About two months ago while still enjoying her grade three Pioneer Village studies, (mandatory requirement to pass and maybe even to maintain Canadian citizenship) Hanna returned home from school one day and asked, “Mommy! Have you ever heard of a store called the Bulk Barn?”
Indeed I had. I once visited Bulk Barn (or the Bulk Barn?) and waited in line for what seemed forever behind people who each had $300 worth of misc candy and I anxiously awaited spending my $.69 on a cookie cutter shaped like a turtle. I dreamed of making the cookies, decorating them, discussing our special turtle operatives with the kids but never actually allowing them to eat any of the cookies. We would cook them on low heat, slowly because, well, turtles.
When Hanna described a store decked out like a real life game of Candy Land I knew exactly what she was talking about. A friend of hers had arrived at school with a sucker shaped like a duck riding a cupcake, with hard candy eyes and candy cane legs. There were colourful marshmallows attaching some sort of hot air balloon-type apparatus, filled with creamy, strawberry goo. The thing sounded as though it was the size of a growth chart on the back of her door. Hanna dreamt of the day she too would visit this mystical land and swim in a sea of candy.
The name Bulk Barn had changed from, “Can we go to that Candy Bin store today?” To just, “Candy Land” and I always knew what they meant.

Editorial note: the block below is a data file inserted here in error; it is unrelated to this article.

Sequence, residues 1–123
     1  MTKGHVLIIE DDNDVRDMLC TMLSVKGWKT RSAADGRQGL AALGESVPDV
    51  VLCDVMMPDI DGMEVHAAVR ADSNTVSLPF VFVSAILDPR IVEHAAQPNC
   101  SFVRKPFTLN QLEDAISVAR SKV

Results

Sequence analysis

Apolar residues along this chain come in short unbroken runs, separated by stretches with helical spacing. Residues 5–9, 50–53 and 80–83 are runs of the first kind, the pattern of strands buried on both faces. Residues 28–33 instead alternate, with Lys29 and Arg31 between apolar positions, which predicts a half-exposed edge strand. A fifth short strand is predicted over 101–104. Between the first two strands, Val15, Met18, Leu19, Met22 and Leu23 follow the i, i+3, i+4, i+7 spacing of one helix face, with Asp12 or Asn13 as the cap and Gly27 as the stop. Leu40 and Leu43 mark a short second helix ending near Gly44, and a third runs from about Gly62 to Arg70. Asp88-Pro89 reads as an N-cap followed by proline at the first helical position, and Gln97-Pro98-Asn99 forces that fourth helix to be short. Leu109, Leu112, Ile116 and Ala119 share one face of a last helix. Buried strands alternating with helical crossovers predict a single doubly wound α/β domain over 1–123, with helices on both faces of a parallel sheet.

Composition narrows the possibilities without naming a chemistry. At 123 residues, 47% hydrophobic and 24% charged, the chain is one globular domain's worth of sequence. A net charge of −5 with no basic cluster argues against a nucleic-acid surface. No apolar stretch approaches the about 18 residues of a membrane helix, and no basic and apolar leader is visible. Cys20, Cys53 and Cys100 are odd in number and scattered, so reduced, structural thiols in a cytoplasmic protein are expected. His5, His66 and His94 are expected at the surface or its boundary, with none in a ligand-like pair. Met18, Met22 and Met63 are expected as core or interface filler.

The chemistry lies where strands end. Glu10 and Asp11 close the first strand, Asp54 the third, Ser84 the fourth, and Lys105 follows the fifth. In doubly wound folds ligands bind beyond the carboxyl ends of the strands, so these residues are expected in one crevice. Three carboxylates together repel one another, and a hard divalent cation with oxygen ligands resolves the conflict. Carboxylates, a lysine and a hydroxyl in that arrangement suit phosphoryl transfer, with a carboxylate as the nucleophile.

Given my rant about them growing up too fast and Ellie’s solid argument, “Mommy, remember how you said candy makes your teeth fall out? Well…?” pointing to her top front tooth she had been waiting months to finally fall out. What better way than to be infused into a bag of sugary treats or wedged into a sucker the size of her bed before falling prey to a greedy Tooth Fairy.
I countered with, “Well a visit to Bulk Barn wasn’t on your list of 20 things to do this summer.”
We agreed candy overrides all lists.
Telling the girls they could each choose one special treat was a bit like handing them a plate of stir-fry and limiting the rice intake to just the one grain.
The girls flip-flopped between quantity and quality trading plastic tubes filled with powdered sugar they knew probably wouldn’t taste very good but would outweigh a piece of gum or one hard candy.
I spent most of my time wrestling huge metal scoops from Chloe’s hands which I quickly learned were just decoys when she figured out she could just shove her entire arm into a bin of rockets before I had time to unload thirty paddles from my pockets.
Everyone left with a bigger candy than they needed at 11am on a Monday morning for no reason at all. (and a couple of oversized, commercial metal scoops)
Best summer ever.